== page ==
NHL 19 Review in Progress — A Very Iterative Single-Player Experience

NHL 19 Review in Progress — A Very Iterative Single-Player Experience

While NHL 19's online seem to house some cool improvements, our time with the game's offline version reveals an experience that's iterative to a fault.

Most sports game fans know how EA’s NHL series was neutered with the jump to next-gen. After spending a few years recovering, the developers have finally caught up with themselves and are now trying new things. NHL 18 saw the exciting and intense NHL Threes mode added, while this year NHL 19 sees the addition of World of Chel, and multiplayer hub that features a new mode called Ones that changes things up just as much has Threes.

NHL 19‘s Online is where the game has seen most of its improvements, and will please the hardcore community that loves to play with friends online as a team. That being said, I haven’t been able to get ample time with the game’s multiplayer yet, and would also like to see how it functions post-launch, so this review in progress will mainly focus on NHL 19’s single-player, which unfortunately is much less impressive.

Visually, the game has seen some notable improvements with RPM tech, and all of the included modes are incredibly well polished, but not much is new this year. Some of World of Chel‘s coolest modes are surprisingly excluded from NHL 19‘s single-player, which will make the game feel way to iterative for offline fans.

While the NHL series has still not made the jump to Frostbite as the developers want to keep all of the game’s features intact, NHL 19 still manages to look good. As usual, the official branding and announcers highlight a passion and attention to details from the developers perspective, and the new animations take out some of jank sports games can be notorious for. EA’s new Real Player Motion tech adds a bit more polish to the animations on quicker moves and body checks, which makes the hockey games look more realistic.

You still can’t escape the occasional odd character model or animation, but animations do look better, and the new outside rinks look nice as well. The same could be said about the rest of the single-player content. Some of the modes have received iterative tweaks and improvements but doesn’t stand out from NHL 18 much at all.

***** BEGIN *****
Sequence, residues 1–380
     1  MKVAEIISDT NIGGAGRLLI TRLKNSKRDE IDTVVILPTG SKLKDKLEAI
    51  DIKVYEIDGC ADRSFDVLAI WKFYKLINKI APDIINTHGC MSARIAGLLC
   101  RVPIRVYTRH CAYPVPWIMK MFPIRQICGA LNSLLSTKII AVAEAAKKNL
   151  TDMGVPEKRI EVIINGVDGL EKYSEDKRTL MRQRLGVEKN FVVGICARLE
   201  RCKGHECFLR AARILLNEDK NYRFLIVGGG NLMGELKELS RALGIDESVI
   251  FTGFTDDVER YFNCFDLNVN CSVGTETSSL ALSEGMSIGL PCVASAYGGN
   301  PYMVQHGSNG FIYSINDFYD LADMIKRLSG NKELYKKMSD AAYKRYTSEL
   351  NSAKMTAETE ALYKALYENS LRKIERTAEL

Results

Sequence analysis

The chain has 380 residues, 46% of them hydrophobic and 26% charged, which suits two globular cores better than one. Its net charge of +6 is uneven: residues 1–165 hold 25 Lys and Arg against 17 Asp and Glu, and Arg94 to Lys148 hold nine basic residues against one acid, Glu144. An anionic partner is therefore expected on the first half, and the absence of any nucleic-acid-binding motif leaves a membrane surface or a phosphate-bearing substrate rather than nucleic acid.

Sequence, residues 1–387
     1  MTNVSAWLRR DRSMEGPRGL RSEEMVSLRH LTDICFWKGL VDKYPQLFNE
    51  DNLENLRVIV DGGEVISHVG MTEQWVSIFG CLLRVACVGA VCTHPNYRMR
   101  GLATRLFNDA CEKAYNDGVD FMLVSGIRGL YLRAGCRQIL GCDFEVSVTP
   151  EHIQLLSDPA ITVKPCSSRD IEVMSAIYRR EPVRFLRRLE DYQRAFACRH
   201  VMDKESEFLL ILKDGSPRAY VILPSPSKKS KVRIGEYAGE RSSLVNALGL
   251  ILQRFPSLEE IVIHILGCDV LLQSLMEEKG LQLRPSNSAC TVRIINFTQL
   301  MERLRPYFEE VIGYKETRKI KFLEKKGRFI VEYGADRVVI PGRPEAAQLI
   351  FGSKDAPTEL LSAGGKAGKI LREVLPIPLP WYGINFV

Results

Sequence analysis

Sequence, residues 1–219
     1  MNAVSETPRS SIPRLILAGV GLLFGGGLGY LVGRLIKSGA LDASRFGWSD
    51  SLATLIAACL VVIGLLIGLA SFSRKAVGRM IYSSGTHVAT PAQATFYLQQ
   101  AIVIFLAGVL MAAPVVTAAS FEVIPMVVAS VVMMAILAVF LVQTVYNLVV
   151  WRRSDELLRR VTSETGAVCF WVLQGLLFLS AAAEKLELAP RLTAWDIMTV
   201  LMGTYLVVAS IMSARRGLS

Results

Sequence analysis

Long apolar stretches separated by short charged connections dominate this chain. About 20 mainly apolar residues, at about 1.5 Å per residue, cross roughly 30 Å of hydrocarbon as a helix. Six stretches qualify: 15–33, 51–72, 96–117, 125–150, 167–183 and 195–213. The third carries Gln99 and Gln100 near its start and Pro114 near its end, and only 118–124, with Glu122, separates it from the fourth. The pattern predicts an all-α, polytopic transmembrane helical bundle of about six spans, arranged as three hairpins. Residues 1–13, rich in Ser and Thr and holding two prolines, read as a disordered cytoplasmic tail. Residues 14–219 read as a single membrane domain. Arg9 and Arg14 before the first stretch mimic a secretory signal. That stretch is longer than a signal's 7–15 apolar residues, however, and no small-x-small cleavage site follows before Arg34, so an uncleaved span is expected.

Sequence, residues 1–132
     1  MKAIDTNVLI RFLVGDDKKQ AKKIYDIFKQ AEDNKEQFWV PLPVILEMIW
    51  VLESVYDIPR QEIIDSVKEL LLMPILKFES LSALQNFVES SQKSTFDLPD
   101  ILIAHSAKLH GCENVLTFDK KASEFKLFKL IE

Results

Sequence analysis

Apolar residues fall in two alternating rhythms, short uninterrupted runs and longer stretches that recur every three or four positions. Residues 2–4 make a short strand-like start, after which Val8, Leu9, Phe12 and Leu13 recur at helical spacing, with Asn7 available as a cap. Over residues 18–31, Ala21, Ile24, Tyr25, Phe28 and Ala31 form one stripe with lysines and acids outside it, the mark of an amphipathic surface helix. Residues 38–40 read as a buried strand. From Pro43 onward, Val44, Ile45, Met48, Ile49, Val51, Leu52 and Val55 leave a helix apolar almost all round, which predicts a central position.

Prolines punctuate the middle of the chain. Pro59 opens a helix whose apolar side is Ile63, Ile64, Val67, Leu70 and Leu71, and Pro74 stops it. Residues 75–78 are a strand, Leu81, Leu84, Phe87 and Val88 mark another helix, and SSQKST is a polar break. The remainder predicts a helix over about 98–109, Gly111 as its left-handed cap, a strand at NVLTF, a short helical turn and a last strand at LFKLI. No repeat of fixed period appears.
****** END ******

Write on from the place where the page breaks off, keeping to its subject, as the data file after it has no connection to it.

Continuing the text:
Play Now, Franchise, Shootout, Threes, and Be A Player all function like you would expect. When it comes to Franchise, there have been small tweaks to the Scouting Process to make it more engaging and in-depth, while Threes introduces a second Threes Circuit campaign for players to make their way through. For those who skipped a couple of years and have been waiting to jump back in, these modes will likely be appreciated at their fullest, but things will seem a bit too similar for returning players.

World of Chel features some cool new modes such as Pro Am and 1v1v1 mode Ones, and it finds it pretty shocking that these modes aren’t available offline. While I understand wanting to bolster the game’s online experience and keep people coming back, both would stand out among the other single player modes just like Threes did last year. It’s the mode where some of NHL 19‘s most significant introductions like outdoor rinks and extended customization are, so it’s unfortunate that these cool features are locked to those who play online.


NHL 19 takes its biggest strides in multiplayer, so offline focused or veteran players may come away a bit disappointed. From my time with the game so far, NHL 19 has proven itself to be the most polished, in-depth, and well rounded hockey game in years, but the lack of anything noteworthy to the offline experience will likely make the game feel too iterative if that’s what you like to play.

Of course, after I spend more time with NHL 19’s online features, you can expect a well-rounded review of the whole package. If you want to pick NHL 19 up before then on PS4 or Xbox One, you can do so on Amazon. 

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